Prussian myzi, if only I could wait for your magnesium blue to hover
stone by stone over the shark finned ground, resonations floor me
I am told that I have reinvented my history, these fakes that have
Drifted by desire rather than by noble patriotic inclination, to be told this
Frozen kiss is a parasite berry that grows and governs our merriment
That we fall to habitude unaged & are given brown cloaks for mourning
To circle the lotus that catches the tip of the dragonfly's wing
And burning it into fruition find an exhaust pipe carved in braille
The war continues to charr the air with shot speech,
These are buried or placed on parole for comparing the language of war & /of peace
There is a large unknown Lake œuvre- stocked, allegedly, in eight bin-liners in Kevin Nolan's garage- which Karlien and Lucy, impetuous impresarie of Empress, are, somebody told me, looking at with the idea of publishing it. There have been previous sorties: a series of home-made, distributed hand to hand, photographed-manuscript feuilles volantes, of which our typographer, Ewan, has some; about ten pages, in 1986, in Nigel Wheale's magazine constant red/mingled damask; and a 1994 Equipage pamphlet, Viola tricolor. The biography in cr/md relates "One volume of poetry 1967-70 disappeared prior to publication. (...) Poetry published by Sheffield Free Press. A volume withdrawn from Common Ground Printing Co-operative following disputation over the licence of printers to censor." The question of Lake's unpublished work is probably the grandest issue of literary heritage now facing the officers of letters; but a 100% political person in a time of political whirlwind and speculation, in Stamford Hill or other geologically exposed points, may not have produced a heritage, "vast lyrical metropolitan exequies", on paper. It is the intact hopes carried as a burden by a generation of unrenegade idealists which will, I hope, govern the rest of our lives.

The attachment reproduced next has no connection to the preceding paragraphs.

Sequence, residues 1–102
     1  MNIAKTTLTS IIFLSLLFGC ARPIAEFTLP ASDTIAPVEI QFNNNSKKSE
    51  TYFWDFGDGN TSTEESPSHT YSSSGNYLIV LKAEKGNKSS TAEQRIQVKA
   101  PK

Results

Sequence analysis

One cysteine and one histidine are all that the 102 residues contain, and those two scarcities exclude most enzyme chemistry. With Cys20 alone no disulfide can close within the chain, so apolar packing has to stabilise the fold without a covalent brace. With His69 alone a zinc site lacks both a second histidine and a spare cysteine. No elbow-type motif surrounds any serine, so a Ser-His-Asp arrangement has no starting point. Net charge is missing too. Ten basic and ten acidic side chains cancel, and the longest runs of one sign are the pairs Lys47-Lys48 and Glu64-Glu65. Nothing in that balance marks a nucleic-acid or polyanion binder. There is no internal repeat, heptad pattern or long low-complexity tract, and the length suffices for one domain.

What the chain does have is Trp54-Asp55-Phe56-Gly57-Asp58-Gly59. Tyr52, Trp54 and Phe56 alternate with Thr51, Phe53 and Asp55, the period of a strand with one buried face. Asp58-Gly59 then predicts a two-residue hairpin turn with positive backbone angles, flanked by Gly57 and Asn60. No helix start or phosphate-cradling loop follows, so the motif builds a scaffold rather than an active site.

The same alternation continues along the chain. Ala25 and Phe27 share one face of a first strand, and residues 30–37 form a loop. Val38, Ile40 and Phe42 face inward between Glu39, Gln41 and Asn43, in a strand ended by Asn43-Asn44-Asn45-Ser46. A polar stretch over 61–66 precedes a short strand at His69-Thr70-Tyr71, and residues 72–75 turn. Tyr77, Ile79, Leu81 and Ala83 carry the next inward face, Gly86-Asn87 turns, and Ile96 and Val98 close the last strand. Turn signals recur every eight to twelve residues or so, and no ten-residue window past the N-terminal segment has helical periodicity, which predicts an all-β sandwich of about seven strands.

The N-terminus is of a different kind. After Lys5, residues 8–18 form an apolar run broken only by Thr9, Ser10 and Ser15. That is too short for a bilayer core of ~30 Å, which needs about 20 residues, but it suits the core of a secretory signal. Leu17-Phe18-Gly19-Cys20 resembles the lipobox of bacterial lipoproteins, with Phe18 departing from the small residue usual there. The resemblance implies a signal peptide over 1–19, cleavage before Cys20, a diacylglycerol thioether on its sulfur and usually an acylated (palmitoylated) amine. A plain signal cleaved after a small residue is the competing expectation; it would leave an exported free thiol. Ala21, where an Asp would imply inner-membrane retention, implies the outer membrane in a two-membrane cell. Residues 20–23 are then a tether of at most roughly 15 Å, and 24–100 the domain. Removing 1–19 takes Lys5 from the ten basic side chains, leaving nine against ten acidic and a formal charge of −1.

Reading this work aloud is like drinking melted Swiss chocolate. The last time I read it was at about 3am in a squat in King's Cross, to a room full mainly of film technicians. Everybody had a good time. There isn't ever a second where you drop off because it repeats itself or gives its hand away or lectures or does anything but startle and entrance.
BN was typeset in the next street by my neighbour, Ulli Freer, on a Mac which Sue brought home from work. Ulli is one of my heroes. However the lettering in BN is too small to read. Grace's ultra-long lines (so like Denise Riley's and Colin Simms', and are we seeing a trend here) persuaded him to hit the A5 format by going down to about 22 cpi, and it wasn't a good idea. Normally I would strip out the personal, household level, details, but in this review I think it's best to leave them in, since Lake is saying that objectivity is self-referential. The poet constantly raises punishments and accusations only to ridicule them. We see an administration falling apart, its fictions sent up and set as skits, with no trace of a new one coming down the road.